How much does PGD cost in Iran?
Pre-implantation genetic diagnosis (PGD) is a genetic testing procedure performed on embryos created with in-vitro fertilization by examining an embryo for a specific genetic mutation known to cause serious disease. It enables people with an inheritable condition in their family to avoid passing it on to their children.
General information about PGD
The following table describes general information about PGD including PGD cost in Iran, recovery time, and to name but a few.
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Who should consider PGD?
PGD avoids pregnancy termination as it allows selection of an embryo free of the genetic disease at issue before pregnancy is established. PGD is available for almost any inherited condition for which the exact mutation is known. PGD is best suited for:
. Individuals with known single gene disorder, e.g. cystic fibrosis, cystic disease, Tay Sachs disease.
. Individuals with a chromosomal re-arrangement, e.g. chromosomal translocation in which a segment of a chromosome is found at a location other than its normal place.
. Couple with a child known to have a genetic mutation.
. Couples who desire to match stem cells when a family member is in need of a tissue donor.
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What risks are involved?
The process of IVF and PGD poses some risks to the woman and the embryo. These may include:
. Health risks of the IVF cycle
. An embryo may not develop after fertilization of an egg
. Not all embryos will be suitable for biopsy
. The embryo may not develop after biopsy
. There may not be any unaffected embryos available for transfer
. Test results may be inconclusive
. Results are not 100% accurate
. No pregnancy is achieved, even after the transfer of an unaffected embryo.
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Preimplantation Genetic Diagnosis (PGD) process Step by step
. Step 1: Stimulation of the ovaries
In order to create embryos for genetic testing, the ovaries have to be artificially stimulated using hormones to produce several eggs at the same time.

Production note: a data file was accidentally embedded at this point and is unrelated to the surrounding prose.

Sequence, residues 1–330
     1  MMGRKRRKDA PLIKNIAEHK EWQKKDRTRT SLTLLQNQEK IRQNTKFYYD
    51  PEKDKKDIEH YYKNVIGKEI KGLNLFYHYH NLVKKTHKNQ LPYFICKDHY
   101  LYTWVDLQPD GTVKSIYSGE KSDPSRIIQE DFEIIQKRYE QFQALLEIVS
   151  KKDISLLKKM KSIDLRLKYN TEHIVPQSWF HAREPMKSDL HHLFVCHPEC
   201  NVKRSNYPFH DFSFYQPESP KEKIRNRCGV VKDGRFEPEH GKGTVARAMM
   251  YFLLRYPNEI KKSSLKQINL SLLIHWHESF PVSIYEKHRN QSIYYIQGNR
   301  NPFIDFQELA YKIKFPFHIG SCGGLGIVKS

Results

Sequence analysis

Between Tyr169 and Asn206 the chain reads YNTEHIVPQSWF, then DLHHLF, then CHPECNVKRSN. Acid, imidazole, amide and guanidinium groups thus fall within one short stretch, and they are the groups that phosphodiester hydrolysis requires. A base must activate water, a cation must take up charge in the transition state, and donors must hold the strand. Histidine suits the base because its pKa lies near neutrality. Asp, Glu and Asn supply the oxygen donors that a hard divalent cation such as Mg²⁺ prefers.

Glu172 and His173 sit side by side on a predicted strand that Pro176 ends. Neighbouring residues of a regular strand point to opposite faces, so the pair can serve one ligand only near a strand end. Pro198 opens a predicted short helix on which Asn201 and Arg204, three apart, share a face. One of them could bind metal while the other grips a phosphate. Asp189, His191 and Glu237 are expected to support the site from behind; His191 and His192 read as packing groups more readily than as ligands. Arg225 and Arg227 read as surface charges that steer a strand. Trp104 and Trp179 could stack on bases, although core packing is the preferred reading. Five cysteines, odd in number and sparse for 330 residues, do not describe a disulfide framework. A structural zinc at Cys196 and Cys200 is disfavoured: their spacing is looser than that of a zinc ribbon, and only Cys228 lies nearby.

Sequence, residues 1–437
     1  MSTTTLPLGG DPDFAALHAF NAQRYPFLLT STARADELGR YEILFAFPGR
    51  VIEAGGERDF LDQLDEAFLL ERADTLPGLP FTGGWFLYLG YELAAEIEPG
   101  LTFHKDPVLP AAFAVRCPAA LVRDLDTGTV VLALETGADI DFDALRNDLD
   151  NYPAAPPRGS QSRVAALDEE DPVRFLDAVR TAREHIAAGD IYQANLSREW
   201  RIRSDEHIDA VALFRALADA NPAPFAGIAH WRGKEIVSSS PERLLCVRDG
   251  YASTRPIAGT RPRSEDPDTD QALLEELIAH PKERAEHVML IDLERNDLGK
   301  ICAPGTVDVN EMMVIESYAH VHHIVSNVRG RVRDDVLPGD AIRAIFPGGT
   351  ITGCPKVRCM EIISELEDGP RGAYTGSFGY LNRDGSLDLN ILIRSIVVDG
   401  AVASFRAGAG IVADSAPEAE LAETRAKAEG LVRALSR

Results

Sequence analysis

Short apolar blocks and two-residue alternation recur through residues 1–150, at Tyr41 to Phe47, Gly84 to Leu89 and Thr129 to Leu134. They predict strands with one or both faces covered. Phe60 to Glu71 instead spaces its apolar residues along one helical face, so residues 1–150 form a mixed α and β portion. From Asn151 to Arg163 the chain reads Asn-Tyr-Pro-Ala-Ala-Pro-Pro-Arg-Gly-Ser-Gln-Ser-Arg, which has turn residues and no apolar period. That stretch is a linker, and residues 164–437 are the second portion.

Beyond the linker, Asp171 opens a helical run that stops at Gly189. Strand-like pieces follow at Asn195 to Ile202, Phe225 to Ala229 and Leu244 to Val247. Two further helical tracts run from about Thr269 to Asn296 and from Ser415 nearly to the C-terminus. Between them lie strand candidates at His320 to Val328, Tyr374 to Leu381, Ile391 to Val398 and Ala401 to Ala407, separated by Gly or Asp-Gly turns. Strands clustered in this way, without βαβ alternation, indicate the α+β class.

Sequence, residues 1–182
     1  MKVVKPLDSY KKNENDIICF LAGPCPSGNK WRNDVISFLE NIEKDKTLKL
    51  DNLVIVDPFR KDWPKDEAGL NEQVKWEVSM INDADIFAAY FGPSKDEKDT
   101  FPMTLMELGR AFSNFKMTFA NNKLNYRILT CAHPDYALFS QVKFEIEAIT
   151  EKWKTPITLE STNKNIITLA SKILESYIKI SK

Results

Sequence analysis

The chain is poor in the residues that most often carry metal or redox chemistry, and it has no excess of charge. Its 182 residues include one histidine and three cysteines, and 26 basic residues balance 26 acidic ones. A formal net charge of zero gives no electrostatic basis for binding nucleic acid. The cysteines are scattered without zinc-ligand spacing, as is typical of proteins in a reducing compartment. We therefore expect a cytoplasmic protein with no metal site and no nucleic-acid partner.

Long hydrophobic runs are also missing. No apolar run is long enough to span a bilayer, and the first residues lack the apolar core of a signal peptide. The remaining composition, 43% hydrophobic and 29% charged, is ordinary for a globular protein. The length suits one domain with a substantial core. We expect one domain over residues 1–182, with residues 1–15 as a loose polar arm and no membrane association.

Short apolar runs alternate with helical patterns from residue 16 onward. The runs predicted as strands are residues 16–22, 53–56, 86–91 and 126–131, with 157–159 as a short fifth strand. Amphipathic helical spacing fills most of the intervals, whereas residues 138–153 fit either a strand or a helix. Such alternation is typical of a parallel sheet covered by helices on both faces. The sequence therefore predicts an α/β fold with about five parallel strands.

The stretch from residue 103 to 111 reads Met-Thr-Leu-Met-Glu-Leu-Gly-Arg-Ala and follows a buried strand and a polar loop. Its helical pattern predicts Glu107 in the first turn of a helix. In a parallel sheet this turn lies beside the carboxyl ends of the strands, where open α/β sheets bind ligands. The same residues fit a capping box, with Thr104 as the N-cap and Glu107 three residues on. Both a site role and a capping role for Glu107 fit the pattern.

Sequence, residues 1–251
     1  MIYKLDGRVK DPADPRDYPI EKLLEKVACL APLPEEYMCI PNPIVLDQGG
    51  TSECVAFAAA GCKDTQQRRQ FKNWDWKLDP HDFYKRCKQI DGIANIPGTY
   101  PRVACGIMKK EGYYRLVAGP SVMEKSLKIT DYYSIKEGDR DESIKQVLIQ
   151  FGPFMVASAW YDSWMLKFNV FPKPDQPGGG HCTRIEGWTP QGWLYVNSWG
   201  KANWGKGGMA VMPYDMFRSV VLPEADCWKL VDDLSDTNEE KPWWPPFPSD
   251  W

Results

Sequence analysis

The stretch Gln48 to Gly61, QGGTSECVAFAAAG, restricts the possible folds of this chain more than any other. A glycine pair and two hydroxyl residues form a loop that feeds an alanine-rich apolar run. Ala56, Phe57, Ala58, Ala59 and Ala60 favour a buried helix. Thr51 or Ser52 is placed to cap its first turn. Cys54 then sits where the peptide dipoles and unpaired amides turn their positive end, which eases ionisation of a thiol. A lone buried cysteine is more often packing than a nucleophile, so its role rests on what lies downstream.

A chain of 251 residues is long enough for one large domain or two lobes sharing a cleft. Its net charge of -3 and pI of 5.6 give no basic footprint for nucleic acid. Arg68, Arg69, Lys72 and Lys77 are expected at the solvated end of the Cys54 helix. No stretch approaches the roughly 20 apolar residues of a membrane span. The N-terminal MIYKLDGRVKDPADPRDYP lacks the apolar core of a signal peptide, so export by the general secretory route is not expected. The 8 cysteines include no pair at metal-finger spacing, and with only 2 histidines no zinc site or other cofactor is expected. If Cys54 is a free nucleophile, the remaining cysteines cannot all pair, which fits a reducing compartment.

Because a significant number of a couple’s embryos are likely to be affected by the genetic or chromosomal abnormality, a large number of embryos need to be created for the best chances of success.
. Step 2: Collection of eggs from the ovaries
At the appropriate time, the eggs are removed in during a surgical procedure known as egg retrieval. Once the eggs are removed, they are inspected to determine which are mature and normal appearing.
. Step 3: Insemination/injection of sperm
Fertilisation during PGD will be done either by:
. In Vitro Fertilisation (IVF): Sperm and eggs are placed together in a culture dish to allow fertilisation to occur.
. Intracytoplasmic Sperm Injection (ICSI): A single sperm is injected in the centre of an egg. This technique is used for conditions caused by a single faulty gene.
Step 4: Fertilisation
The morning after injection/insemination of the sperm, the embryologist carefully examines each egg to see if fertilisation has occurred.
Step 5: Embryo biopsy
The eggs that were successfully fertilised are grown in the laboratory for 5-6 days when the embryo forms what is called a blastocyst of about 100-150 cells. At this stage trophectoderm biopsy (the cells which will form the placenta) takes place.
The removal of these cells should not harm the embryo.
Step 6: Embryo Testing
The cells are tested to see if the embryo from which they were removed contains the abnormality that causes the genetic condition.
Step 7: Embryo Transfer
Only those embryos that do not have the specific genetic condition that was tested for will be transplanted into the woman’s uterus. Usually one embryo will be transferred to the uterus at any one time to avoid the possibility of multiple births (more than one baby in a pregnancy).
Any suitable remaining unaffected embryos will be frozen for later use.
Those embryos that are affected by the inherited condition are allowed to perish or couples are asked if they would consider allowing these embryos to be donated for research and training.
Step 8: Pregnancy Test
Twelve days after the embryo transfer, the woman is given a pregnancy test. A positive pregnancy test means that an embryo has implanted.
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Accuracy of Preimplantation Genetic Diagnosis
The accuracy of PGD will vary, and there is the possibility that testing may not be 100% reliable or conclusive. However, testing is 98-99% accurate for most couples. The risks are dependent upon the condition for which PGD is being offered and the couple’s individual test results.
All patients are offered confirmatory prenatal testing (amniocentesis or chorionic villus sampling) if PGD results in a pregnancy.
What is the Chance of Having a Baby with PGD?
It is difficult to assess success rates for PGD because there is currently little data available. As with most fertility treatments, success depends on many factors, including the woman’s age and weight.
Additionally, sometimes no embryos are suitable for transfer to the womb, for reasons including:
. Not enough eggs were produced or fertilised
. Embryos do not develop to the balstocyst stage
. Embryos do not survive the biopsy, although this is a rare event
. All the embryos were affected by the genetic condition.
Therefore, a pregnancy cannot be guaranteed using PGD.
Preimplantation Genetic Diagnosis (PGD) Cost
The cost of Preimplantation Genetic Diagnosis (PGD) in Iran is $ 1000.
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